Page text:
This article provides an overview of five important measures that are typically listed in microphone specification sheets: frequency response, sensitivity, impedance, self-noise level, and signal to noise ratio. Understanding these specs can help when trying to decide on the best omnidirectional boundary microphones to purchase for a specific application.
Frequency response measures how a microphone reacts to different sound frequencies. An ideal “flat” response (equal sensitivity) microphone would respond equally to all frequencies within the audible spectrum. This results in a more accurate reproduction of sound and produces the purest audio. The truth is that even microphones which are advertised as having a “flat response” can deviate somewhat at certain frequencies. Typically spec sheets will list frequency response as a range like “20Hz to 20kHz”, meaning that the microphone can reproduce sounds that fall within that range. What this does not explain is how accurately the various individual frequencies will be reproduced. Some microphones are purposely designed to respond differently to certain frequencies. For example, instrument microphones for bass drums are generally engineered to be more responsive to lower frequencies while vocal microphones would be more responsive to the frequency of a human voice.
As a general rule of thumb, condenser microphones have flatter frequency responses than dynamic. This means that a condenser would tend to be the better choice if accuracy of audio reproduction is the main goal.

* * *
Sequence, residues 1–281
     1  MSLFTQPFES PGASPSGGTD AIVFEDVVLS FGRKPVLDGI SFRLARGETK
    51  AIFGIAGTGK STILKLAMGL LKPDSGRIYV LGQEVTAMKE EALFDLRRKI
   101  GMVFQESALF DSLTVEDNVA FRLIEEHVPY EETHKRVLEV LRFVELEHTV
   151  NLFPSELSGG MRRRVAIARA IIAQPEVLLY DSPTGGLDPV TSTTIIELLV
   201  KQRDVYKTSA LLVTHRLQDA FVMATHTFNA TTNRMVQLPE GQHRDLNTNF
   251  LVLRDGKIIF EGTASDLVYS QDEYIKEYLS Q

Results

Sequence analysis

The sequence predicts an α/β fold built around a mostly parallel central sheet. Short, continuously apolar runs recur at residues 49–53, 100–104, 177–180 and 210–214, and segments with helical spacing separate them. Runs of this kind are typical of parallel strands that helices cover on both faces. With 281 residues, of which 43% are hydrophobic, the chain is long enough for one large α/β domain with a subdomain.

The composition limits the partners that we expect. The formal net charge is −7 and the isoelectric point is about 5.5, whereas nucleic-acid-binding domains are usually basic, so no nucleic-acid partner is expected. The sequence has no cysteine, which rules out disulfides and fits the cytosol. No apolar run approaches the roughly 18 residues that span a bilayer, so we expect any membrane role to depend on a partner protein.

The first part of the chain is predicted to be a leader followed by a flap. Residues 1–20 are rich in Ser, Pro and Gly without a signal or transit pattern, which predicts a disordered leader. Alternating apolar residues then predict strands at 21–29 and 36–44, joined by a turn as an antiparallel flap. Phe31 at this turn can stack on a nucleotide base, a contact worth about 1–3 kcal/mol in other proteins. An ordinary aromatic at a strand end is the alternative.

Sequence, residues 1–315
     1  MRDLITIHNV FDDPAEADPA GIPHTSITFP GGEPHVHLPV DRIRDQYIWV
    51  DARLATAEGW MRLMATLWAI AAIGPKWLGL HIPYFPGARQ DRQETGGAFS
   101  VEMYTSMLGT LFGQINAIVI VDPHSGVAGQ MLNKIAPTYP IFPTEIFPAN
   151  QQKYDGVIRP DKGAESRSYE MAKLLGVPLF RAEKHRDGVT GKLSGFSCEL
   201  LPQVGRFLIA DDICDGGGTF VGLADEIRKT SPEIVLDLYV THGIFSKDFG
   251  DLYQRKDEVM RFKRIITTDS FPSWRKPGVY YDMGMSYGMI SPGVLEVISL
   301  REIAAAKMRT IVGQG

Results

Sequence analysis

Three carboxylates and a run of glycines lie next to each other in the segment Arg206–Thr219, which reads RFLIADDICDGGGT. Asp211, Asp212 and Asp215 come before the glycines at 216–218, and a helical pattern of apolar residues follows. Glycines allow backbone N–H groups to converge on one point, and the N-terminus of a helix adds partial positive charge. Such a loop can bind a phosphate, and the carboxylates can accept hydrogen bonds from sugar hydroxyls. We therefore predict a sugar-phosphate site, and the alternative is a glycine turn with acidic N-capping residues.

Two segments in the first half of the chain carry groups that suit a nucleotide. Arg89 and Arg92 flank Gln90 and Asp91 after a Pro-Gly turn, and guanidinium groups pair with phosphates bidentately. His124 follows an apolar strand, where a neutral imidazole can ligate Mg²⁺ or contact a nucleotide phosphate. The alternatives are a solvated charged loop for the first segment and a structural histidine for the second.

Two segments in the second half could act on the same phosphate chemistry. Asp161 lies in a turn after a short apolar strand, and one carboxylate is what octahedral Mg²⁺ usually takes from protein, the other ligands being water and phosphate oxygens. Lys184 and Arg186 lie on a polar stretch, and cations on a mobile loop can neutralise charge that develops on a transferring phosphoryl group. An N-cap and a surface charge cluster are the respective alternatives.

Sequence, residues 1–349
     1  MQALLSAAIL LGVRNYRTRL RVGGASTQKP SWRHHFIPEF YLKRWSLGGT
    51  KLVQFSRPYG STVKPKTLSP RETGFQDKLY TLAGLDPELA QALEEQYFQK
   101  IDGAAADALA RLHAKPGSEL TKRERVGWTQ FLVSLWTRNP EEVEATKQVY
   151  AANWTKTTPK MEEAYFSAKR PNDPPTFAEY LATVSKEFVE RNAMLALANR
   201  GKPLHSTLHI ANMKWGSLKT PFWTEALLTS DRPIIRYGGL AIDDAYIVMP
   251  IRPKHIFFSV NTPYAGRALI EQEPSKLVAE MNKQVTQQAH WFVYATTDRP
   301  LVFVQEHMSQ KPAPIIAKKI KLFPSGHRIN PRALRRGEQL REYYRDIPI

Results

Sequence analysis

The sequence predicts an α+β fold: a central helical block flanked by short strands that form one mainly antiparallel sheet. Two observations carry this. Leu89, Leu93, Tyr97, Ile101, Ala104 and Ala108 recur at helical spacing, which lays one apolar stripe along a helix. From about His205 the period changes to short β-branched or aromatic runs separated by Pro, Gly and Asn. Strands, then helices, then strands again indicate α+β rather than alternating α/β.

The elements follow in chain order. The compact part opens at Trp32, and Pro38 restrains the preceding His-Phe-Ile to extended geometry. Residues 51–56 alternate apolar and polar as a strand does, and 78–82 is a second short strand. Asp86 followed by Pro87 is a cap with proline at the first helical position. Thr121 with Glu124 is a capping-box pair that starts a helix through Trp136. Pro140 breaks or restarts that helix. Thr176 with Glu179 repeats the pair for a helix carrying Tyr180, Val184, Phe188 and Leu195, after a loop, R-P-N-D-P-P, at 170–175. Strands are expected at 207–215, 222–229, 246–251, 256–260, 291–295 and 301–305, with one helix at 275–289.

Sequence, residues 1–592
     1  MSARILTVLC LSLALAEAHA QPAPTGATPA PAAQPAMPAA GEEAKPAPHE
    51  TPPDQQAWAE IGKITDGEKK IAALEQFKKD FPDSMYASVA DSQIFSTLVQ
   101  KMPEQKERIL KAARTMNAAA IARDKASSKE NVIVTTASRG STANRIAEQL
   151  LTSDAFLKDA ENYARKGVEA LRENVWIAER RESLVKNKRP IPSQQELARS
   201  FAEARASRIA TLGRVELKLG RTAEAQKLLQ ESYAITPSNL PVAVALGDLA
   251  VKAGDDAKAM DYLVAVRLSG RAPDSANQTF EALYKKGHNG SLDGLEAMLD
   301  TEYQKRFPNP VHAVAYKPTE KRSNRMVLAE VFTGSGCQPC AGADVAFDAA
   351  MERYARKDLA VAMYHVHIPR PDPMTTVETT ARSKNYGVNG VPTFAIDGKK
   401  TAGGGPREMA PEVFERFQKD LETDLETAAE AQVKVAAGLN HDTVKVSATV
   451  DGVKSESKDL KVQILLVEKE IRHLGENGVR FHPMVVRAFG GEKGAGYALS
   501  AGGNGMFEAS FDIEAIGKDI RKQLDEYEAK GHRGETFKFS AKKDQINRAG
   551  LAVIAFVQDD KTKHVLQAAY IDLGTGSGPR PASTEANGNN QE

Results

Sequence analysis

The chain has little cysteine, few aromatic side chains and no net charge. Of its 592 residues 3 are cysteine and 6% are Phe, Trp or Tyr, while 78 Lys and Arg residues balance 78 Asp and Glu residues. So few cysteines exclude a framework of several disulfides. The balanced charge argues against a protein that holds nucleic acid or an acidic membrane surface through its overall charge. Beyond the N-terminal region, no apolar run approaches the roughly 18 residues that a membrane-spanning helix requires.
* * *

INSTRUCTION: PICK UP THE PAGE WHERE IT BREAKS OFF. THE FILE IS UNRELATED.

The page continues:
Microphone sensitivity measures how much electrical output (measured in “millivolts” mV) is generated for a given sound pressure input. Typically when measuring microphone sensitivity the mic is placed in a reference sound field where a sound pressure level (SPL) of 94 dB (1 Pascal) at 1000 Hz is maintained at the microphone. (Some vendors like Shure use 74 dB 0.1 Pascal). The distinction is that 94 dB SPL is the typical sound intensity of someone speaking twelve inches away while 74dB SPL would be the same speaker one inch away. A typical condenser microphone might have a value listed either like “7mV/Pa” or -43dBV in the technical specification. These two values mean the same thing – they’re just expressed differently.
If two microphones are subject to the same SPL and one generates a higher output voltage, that microphone is said to have a higher sensitivity rating. Although knowing how to read/compare microphone sensitivity (output) is important, the actual sensitivity rating usually is not a major consideration in mic selection. Typically the design of a microphone for a particular application plays a role when manufacturers determine the appropriate output level. For example, dynamic microphones are typically less sensitive than condenser mics as they’re generally used fairly close to the sound source. Listed below are the typical specifications for three different microphone transducer types:
Condenser: 5.6mV/Pa (high sensitivity)
Dynamic: 1.8mV/Pa (medium sensitivity)
Ribbon: 1.1mV/Pa (low sensitivity)